The villain bet is even worse; a big raise like that, especially considering that UTG already showed strength, plus the size of the pot, should be setting off alarm bells. (As vlzvl pointed out, you don't mention most suits. I'm assuming there are no flush draws.) It's hard to know exactly what villain has. It might not be the straight; you were in the big blind and you didn't play very aggressively, so you could easily have A7 or K4 (in his mind), so he might think he's good with AT or KT. But he's definitely representing the winner, and it's certainly in his range.

I think you would have been better off limiting the damage (i.e. folding), tightening up, getting some reads on your tablemates and waiting for the next good opportunity. So far, you've only put $47 into the pot, and $2 of that was the blind. You can still play effectively at that table with $153, but not $53. In that spot, $100 is a lot to pay to find out what villain is holding. Big bluffs are more common in stories than reality, and you'll be able to get information about him for cheaper later (or free, if you watch him carefully against someone else).

0

Critique 1

With 7's pre-flop, I definitely would not have limped if I were going to play that hand at all.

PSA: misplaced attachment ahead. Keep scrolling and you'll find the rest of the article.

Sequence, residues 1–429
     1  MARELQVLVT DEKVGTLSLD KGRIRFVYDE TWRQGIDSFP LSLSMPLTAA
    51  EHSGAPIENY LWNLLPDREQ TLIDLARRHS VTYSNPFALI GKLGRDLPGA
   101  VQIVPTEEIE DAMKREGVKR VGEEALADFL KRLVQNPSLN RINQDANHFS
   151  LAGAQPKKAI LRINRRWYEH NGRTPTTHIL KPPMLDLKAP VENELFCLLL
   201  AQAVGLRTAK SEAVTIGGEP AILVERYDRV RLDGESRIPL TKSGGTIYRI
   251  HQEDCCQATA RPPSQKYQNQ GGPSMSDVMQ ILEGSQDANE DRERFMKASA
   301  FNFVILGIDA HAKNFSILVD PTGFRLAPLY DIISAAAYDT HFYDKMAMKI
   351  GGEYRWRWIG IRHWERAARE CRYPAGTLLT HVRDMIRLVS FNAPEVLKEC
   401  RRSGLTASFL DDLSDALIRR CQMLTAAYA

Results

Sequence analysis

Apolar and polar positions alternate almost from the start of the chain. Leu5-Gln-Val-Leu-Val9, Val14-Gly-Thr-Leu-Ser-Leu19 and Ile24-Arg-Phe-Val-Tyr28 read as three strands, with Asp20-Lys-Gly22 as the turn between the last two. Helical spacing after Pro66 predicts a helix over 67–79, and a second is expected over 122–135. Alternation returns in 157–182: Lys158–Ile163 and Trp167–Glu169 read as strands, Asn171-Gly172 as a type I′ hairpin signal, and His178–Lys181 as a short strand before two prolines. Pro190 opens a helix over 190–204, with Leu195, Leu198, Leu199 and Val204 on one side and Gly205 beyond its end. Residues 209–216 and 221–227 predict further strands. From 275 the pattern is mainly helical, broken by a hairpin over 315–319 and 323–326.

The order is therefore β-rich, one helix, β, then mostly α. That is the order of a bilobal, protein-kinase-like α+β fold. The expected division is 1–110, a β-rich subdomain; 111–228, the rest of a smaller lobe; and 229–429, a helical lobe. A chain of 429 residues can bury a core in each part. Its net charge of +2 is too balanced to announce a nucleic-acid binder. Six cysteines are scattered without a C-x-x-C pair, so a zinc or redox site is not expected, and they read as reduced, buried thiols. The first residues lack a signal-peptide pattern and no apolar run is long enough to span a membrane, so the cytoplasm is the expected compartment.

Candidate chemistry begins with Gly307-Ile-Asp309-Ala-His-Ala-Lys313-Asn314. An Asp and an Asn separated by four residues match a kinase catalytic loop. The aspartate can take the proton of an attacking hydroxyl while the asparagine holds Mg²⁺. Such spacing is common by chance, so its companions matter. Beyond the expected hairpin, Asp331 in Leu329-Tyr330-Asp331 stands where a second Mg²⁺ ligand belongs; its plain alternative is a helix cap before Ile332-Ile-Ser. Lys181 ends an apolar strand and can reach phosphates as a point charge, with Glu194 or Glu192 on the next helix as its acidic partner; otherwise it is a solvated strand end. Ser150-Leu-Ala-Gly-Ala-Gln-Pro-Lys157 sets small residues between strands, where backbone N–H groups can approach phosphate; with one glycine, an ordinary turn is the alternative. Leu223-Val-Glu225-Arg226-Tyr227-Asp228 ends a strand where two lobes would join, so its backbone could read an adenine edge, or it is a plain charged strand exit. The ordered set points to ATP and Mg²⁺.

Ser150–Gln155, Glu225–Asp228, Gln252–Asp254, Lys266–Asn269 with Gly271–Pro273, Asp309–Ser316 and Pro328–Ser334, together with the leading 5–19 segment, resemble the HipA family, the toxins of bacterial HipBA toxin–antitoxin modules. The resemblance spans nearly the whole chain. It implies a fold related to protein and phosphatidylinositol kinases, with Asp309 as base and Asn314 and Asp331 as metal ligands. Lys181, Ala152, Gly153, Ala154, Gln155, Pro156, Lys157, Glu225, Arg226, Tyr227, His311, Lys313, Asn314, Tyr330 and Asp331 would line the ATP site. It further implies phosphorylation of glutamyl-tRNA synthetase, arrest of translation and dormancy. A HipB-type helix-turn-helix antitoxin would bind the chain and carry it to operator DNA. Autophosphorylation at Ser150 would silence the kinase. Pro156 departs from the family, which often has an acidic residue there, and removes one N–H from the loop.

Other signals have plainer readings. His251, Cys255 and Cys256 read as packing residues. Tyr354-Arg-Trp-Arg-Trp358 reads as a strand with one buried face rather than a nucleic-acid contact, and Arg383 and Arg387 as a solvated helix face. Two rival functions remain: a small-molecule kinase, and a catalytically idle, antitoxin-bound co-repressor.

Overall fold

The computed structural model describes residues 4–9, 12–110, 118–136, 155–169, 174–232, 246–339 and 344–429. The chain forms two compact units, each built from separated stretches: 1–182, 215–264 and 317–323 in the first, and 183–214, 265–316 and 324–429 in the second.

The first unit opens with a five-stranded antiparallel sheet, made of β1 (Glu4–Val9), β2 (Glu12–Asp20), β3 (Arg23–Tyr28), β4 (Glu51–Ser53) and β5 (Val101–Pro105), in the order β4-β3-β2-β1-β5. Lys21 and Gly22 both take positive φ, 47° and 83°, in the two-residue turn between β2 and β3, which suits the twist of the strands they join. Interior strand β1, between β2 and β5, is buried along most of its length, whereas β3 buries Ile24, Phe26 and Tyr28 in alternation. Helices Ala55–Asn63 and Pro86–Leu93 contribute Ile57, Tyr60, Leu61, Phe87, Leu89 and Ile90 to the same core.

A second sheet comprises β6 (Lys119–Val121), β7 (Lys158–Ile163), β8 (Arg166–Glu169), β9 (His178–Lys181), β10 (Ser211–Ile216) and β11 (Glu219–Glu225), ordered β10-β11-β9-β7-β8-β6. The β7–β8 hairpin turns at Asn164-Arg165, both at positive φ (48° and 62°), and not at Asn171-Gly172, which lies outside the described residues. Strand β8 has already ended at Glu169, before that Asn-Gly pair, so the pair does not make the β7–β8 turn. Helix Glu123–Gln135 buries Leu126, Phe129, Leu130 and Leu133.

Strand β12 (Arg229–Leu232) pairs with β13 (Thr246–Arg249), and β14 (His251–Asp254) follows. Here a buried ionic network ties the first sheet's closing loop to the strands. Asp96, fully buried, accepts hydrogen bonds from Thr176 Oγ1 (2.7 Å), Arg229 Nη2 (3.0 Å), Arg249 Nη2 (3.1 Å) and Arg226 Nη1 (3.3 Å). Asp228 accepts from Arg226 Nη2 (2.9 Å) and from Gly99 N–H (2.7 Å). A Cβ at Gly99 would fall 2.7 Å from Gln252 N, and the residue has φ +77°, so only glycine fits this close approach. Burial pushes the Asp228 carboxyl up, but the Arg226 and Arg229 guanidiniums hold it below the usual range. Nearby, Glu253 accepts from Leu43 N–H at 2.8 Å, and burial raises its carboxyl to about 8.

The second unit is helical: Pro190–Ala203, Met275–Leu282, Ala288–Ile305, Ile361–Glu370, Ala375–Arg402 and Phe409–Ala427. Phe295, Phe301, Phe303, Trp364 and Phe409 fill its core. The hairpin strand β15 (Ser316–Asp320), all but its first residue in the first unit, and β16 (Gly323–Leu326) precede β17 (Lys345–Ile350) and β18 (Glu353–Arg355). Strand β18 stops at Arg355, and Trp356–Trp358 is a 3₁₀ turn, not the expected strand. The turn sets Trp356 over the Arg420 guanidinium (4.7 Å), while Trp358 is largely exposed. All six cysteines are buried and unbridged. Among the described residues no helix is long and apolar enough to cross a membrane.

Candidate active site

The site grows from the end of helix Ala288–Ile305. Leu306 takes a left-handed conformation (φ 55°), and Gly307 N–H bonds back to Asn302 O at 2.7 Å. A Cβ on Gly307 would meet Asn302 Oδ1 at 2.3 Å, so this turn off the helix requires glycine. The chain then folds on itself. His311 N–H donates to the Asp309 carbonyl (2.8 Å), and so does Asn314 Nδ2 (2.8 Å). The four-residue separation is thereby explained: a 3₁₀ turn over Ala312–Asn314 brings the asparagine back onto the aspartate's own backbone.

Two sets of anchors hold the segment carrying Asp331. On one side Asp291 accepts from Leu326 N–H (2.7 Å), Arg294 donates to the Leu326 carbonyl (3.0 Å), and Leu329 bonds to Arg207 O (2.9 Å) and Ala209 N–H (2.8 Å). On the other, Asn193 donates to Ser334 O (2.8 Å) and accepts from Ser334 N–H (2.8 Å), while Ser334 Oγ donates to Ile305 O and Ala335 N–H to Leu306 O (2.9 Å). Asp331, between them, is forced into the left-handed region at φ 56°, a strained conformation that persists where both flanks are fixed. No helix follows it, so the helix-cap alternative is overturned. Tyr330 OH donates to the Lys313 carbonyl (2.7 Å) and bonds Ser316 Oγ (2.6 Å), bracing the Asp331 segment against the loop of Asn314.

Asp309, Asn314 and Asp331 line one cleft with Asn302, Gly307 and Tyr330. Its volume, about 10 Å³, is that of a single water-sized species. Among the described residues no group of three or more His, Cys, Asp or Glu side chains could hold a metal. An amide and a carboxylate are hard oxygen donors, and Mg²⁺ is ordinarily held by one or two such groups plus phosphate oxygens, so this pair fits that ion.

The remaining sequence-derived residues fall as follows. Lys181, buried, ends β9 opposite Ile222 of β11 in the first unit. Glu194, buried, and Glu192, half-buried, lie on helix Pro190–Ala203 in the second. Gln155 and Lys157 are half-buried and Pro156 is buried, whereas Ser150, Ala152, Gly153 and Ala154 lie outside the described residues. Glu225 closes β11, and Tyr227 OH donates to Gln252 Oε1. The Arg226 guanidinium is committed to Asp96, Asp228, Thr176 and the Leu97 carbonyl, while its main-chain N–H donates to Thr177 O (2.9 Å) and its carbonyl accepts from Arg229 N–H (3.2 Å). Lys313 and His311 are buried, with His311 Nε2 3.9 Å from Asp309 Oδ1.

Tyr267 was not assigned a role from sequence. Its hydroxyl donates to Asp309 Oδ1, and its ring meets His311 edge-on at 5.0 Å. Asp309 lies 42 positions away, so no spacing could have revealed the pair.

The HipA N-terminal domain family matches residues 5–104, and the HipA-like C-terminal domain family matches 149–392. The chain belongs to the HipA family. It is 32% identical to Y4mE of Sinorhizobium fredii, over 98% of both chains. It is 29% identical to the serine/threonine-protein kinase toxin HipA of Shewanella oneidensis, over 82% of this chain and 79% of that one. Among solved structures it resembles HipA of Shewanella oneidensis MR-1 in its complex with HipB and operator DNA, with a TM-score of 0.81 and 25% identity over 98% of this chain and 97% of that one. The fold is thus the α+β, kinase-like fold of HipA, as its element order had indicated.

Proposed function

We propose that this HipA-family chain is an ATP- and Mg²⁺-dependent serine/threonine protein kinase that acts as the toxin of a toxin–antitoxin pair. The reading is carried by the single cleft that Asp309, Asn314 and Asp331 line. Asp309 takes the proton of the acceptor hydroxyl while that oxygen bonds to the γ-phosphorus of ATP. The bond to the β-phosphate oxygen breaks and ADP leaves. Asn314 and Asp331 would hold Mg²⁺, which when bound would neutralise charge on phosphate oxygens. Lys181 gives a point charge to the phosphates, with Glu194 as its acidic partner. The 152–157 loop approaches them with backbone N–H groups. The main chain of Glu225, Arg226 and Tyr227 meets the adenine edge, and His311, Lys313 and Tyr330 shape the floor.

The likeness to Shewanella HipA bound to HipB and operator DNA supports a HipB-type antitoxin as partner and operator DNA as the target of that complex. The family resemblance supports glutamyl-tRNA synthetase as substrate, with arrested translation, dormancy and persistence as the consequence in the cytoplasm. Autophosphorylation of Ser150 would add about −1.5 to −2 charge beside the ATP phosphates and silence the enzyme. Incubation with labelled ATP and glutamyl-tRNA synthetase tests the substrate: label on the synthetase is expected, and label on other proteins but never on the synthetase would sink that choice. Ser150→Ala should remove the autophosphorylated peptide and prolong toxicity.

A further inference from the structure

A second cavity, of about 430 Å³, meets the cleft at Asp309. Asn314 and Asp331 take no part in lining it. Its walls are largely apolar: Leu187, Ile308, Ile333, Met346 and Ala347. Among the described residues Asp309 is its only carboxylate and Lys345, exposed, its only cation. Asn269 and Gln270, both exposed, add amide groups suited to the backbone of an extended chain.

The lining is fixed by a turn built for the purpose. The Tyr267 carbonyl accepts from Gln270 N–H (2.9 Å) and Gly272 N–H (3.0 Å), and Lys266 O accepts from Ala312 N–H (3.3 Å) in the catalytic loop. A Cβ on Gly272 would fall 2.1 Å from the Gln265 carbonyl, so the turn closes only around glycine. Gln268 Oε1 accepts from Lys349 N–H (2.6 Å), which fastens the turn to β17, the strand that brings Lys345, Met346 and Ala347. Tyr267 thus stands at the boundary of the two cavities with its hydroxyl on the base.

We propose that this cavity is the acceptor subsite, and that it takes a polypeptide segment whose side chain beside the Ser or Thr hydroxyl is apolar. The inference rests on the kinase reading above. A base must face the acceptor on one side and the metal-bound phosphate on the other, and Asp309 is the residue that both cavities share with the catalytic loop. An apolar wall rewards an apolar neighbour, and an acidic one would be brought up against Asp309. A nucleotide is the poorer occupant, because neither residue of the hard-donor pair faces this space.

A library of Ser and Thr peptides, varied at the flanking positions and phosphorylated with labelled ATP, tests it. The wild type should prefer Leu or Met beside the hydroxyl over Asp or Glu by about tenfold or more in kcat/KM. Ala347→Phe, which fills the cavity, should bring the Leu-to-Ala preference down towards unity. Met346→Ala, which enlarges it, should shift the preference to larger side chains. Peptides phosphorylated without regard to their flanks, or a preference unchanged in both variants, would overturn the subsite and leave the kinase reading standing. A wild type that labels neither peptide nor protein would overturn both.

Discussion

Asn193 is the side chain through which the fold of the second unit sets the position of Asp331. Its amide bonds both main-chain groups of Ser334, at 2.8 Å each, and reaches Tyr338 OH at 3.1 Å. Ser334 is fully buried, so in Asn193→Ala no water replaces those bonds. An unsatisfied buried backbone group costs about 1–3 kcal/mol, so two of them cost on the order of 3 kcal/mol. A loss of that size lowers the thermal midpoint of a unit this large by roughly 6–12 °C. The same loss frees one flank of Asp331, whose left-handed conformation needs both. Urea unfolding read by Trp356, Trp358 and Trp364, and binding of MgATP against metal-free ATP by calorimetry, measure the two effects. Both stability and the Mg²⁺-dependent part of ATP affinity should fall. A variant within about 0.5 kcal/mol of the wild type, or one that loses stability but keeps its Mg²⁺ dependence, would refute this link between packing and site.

7's don't represent a "bad" pre-flop hand, but they certainly don't represent a great one, either, and your lack of a raise allowed six callers to potentially hit an over-pair, straight/draw, flush/draw, etc... on the flop.

If you're going to play a marginal pair pre-flop, I think it's important to protect that marginal pair by weeding some of those other players out with a raise. You don't want to let those guys see the flop for only the cost of the BB and hit an over-pair on you. Not only will raising there represent a premium hand, allowing you to bluff should any paint hit the board on the flop (especially if you hadn't hit your set), it would've also allowed you to bully any would-be pot-stealers if they'd limped and hit the high-pair, but with a poor kicker. For example:

If someone had hit that king on the flop but they knew they had a weak kicker, your pre-flop raise could've represented that you also had a king, but with a better kicker. They may have even thought you had 2 kings in the hole. They may have figured you for AK, or KQ. Either way, if they're staring at K5 and realizing their kicker is actually coming from the board, and not their hole cards after you've represented something premium pre-flop (masking your true hand, the 7's), at the very least you're putting a seed of doubt in their mind, making them worry that their weak kicker wouldn't sustain them if it came down to a heads up situation. You don't want to lose a hand because you were afraid to protect your hole cards.

Critique 2

Since I don't know what the blinds were after the flop hit (and therefore, what the overall value of the pot was at that time), consider this an observation more than a critique--